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ADO.NET Entity Framework Saga

A vocal group of ADO.NET Entity Framework testers that has issued a "vote of no-confidence" is illuminating a long-standing conflict between a segment of the .NET development community and Redmond. The petition raises a big question: Is there a storm brewing among developers of data-driven applications looking toward the latest iterations of the .NET Framework, or is this just a tempest in a teapot?

Ironically, I got wind of the protest on Tuesday while attending the Data Services World conference in New York, where none other than Michael Pizzo, a principal architect on Microsoft's data programmability team, was giving a session on LINQ, the Entity Framework and ADO.NET Data Services.

In his session, he demonstrated LINQ queries being used against the Entity Framework. "We expect [that] when you're using the Entity Framework and writing applications against the Entity Framework, LINQ will be the primary way you do that," he explained in an interview following his demo.

As for the online petition, Pizzo was unaware of it until I pointed it out to him (it was posted just this week). However, he said the discord comes from what he called a "vocal subgroup." Pizzo said the issues raised are under consideration for a future release.

"While we certainly take them seriously and are planning on addressing many of their concerns, specifically around persistence ignorance in the next release, we have a large number of customers who see value in the Entity Framework as it is in version 1," Pizzo said.

For his part, Tim Mallalieu, a Microsoft product manager, posted a detailed response to the no-confidence vote in his blog.

Not surprisingly, the controversy has generated a lot of buzz. OakLeaf Systems Principal Consultant Roger Jennings pointed out in his own blog that this vocal group is spearheaded by NHibernate proponents.

And today, Jennings pointed to a blog post by Ian Cooper, proponent of LINQ to SQL but an opponent to Entity Framework and a Microsoft MVP, who argued that this is history repeating itself (see circa 2000 when complexities around Enterprise Java Beans surfaced).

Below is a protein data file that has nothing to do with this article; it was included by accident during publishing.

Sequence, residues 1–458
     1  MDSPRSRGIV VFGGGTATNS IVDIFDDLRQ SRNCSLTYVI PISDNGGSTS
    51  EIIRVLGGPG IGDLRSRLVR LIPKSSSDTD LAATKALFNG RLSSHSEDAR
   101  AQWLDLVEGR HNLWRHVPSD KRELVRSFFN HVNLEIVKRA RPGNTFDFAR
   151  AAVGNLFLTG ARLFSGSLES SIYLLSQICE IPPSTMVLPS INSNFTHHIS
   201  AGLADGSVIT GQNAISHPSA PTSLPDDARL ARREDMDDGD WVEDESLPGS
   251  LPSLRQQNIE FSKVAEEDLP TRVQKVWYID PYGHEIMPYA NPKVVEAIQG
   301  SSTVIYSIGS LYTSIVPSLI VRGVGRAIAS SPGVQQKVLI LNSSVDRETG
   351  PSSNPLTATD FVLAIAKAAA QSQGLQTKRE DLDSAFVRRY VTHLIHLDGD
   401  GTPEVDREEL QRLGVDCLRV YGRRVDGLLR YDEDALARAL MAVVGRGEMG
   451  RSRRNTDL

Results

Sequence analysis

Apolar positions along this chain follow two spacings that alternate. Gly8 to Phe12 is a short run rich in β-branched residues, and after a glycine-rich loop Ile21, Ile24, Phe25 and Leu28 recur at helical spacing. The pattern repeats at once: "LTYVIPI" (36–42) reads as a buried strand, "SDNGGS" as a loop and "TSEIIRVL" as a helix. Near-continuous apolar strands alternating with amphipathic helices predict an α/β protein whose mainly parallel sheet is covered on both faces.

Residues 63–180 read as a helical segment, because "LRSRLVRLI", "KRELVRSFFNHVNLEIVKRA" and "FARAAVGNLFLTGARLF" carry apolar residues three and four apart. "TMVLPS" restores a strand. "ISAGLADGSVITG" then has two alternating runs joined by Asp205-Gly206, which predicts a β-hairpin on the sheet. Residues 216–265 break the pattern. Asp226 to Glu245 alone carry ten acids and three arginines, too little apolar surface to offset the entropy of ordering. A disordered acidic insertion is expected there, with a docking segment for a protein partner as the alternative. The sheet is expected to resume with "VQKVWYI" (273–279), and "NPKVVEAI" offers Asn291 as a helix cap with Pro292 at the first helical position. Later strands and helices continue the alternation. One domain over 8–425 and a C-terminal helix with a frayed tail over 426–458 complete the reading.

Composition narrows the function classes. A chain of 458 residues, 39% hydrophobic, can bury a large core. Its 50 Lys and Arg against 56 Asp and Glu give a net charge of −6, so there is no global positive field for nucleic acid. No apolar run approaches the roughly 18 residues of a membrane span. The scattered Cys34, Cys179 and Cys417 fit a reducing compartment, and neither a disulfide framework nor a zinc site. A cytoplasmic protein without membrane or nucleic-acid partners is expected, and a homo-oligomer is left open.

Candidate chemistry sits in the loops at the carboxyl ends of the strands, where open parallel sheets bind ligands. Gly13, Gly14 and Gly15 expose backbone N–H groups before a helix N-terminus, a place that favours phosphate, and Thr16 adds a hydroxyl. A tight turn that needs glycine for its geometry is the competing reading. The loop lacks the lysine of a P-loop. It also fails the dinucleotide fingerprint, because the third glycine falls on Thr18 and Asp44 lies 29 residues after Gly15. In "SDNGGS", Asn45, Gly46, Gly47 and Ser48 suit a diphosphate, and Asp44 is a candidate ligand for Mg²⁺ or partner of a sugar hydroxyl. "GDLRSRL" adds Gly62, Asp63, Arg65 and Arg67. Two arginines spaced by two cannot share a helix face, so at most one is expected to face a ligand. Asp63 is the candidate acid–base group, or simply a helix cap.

"EJBs were an ambitious attempt to support persistence, transactions, events, RPC, etc. in a single component," Cooper wrote in his blog. "While there was an initial rush to adoption, they quickly proved a millstone around the Java communities' neck, because of their complexity. Technologies like Spring and Hibernate emerged as less complex ways of delivering enterprise-class solutions. Many of them were later to be incorporated into drastically revised EJB visions."

Cooper believes the .NET community can learn from that. "Ports of Hibernate and Spring offered the community the chance to avoid the mistakes of the past," he added. "However, seemingly unaware of the lessons of history, the EF team embarked on a project to produce a complex framework, of which persistence is just one aspect, reminiscent of the EJB initiative."

Jennings described Cooper's assessment as a "level-headed critique of the Entity Framework v1."

So what's your take on this? Will this affect the choices you make as you embark on developing new data-driven apps using the Entity Framework and related technologies? Drop me a line at [email protected].

Posted by Jeffrey Schwartz on 06/26/2008 at 1:15 PM

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